Reading his Oct. 23 New York Times column from Kabul, I was appalled at journalist Nicholas Kristof‘s naivete when it comes to the Taliban in Afghanistan.
Kristof, author of Half the Sky and often identified as a proponent for women’s empowerment, argues for a reduction of American troops in Afghanistan and for a peace deal with the Taliban.
In seeking to convince himself that this turn of events will not be harmful to Afghan women, he optimistically provides some astoundingly slim anecdotal evidence to convince us that the Taliban are really not so bad.
Kristof feels uncomfortable with what he terms the U.S. “occupation“– though I know few Afghans who refer to the U.S. or international presence here that way — and so waves away his own discomfort over the spectre of a new Taliban government in Afghanistan by essentially saying, don’t worry, the Taliban might let girls have some schools, in some mosques, in some cases. This is hardly a reassuring argument to girls and women — who have gained the most since the fall of the Taliban — and conversely, have the most to lose from a Taliban return.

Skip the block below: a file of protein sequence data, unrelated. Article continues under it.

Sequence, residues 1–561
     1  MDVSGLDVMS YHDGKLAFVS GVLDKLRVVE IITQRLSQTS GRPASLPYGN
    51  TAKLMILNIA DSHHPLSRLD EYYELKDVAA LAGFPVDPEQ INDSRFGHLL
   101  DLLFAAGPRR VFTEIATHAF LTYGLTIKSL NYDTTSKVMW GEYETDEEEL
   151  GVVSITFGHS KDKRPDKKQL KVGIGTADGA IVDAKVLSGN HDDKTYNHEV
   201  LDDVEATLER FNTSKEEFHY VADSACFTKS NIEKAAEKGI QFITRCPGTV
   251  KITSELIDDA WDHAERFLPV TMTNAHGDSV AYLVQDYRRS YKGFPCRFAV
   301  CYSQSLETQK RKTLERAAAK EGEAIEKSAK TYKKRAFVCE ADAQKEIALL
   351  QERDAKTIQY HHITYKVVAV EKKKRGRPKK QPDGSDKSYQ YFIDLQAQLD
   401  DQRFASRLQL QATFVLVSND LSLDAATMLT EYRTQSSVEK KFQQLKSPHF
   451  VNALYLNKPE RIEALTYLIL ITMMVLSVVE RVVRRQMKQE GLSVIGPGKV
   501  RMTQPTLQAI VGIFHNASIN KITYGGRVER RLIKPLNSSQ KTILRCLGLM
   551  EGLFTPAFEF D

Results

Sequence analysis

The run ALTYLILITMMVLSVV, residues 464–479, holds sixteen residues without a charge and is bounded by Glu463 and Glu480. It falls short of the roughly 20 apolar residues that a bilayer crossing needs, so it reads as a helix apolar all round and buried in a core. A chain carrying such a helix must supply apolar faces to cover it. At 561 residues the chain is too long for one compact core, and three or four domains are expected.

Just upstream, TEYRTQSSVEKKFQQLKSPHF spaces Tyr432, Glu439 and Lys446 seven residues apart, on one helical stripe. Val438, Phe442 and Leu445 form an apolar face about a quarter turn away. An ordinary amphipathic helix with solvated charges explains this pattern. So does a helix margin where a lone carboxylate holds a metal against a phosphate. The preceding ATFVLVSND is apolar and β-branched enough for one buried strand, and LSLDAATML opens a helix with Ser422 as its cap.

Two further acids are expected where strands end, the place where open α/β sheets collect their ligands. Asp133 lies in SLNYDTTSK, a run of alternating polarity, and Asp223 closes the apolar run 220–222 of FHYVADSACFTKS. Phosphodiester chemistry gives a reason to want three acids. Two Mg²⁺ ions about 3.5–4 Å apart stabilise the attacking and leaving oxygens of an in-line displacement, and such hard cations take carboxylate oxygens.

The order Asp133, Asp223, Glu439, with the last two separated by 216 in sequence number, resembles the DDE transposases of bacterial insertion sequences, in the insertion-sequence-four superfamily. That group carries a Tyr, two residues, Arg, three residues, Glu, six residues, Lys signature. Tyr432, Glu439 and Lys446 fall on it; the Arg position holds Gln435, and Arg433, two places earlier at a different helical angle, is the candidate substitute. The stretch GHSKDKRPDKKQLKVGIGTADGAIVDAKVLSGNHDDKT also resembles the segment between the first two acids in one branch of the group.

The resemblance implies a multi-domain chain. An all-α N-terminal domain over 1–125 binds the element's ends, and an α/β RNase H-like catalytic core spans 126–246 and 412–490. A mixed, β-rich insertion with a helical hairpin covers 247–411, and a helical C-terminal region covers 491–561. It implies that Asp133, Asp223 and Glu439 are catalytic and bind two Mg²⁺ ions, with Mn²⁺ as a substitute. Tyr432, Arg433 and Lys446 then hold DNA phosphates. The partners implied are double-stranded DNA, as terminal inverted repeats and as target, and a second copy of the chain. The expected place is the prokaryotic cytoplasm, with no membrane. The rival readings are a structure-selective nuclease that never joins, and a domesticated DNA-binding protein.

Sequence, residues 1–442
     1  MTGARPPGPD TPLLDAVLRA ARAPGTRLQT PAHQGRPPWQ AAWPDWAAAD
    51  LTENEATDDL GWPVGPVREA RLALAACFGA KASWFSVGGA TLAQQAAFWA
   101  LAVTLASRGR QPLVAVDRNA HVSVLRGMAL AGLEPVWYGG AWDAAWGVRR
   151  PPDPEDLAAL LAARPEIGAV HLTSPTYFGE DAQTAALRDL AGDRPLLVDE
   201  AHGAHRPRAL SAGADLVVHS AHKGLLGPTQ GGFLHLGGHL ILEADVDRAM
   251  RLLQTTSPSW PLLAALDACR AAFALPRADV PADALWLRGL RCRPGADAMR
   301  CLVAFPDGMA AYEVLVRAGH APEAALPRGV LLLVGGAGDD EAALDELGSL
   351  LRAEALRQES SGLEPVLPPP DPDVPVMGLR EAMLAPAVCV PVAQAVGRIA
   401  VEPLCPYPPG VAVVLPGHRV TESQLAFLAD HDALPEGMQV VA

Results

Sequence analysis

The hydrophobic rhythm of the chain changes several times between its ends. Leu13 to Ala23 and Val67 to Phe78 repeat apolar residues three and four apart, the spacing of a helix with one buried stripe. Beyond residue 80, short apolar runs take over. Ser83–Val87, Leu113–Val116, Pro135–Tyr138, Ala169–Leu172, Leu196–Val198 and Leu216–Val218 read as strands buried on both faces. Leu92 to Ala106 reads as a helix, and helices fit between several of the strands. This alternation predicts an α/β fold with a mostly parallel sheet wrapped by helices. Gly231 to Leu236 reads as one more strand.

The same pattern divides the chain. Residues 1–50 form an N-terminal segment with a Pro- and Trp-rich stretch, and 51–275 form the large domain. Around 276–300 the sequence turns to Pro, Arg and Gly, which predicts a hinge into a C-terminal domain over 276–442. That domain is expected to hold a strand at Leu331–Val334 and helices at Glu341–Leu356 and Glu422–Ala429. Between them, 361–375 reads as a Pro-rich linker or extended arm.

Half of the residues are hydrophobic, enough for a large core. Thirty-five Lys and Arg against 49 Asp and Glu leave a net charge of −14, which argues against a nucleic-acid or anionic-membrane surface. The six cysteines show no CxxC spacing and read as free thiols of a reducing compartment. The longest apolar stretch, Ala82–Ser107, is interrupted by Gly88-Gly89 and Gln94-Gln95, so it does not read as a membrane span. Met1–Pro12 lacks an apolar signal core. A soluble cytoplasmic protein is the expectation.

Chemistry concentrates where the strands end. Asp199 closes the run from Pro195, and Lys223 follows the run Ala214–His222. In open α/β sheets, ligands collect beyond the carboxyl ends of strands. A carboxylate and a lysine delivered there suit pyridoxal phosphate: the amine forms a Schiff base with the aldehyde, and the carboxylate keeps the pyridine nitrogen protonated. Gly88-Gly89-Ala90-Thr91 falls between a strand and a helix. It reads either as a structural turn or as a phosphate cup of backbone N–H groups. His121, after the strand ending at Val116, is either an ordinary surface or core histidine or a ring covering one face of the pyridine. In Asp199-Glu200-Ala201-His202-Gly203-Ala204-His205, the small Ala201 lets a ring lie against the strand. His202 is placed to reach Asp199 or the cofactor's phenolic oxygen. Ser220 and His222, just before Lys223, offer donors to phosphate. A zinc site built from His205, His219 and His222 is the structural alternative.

The evidence that girls will be able to go to school under the Taliban is slim. While girls might go to schools in some areas, in my experience, this is highly exceptional and by no means a uniform practice. The Taliban have been quite consistent in their beliefs that girls should not be educated and women who work outside the home deserve to die, a belief enacted in the Taliban’s murder of numerous female politicians, elections workers, policewomen and other prominent professional women. They are hardly interested in the protection or welfare of children given they regularly use children as suicide bombers and spotters and have hung boys they accuse of “spying for the Americans“.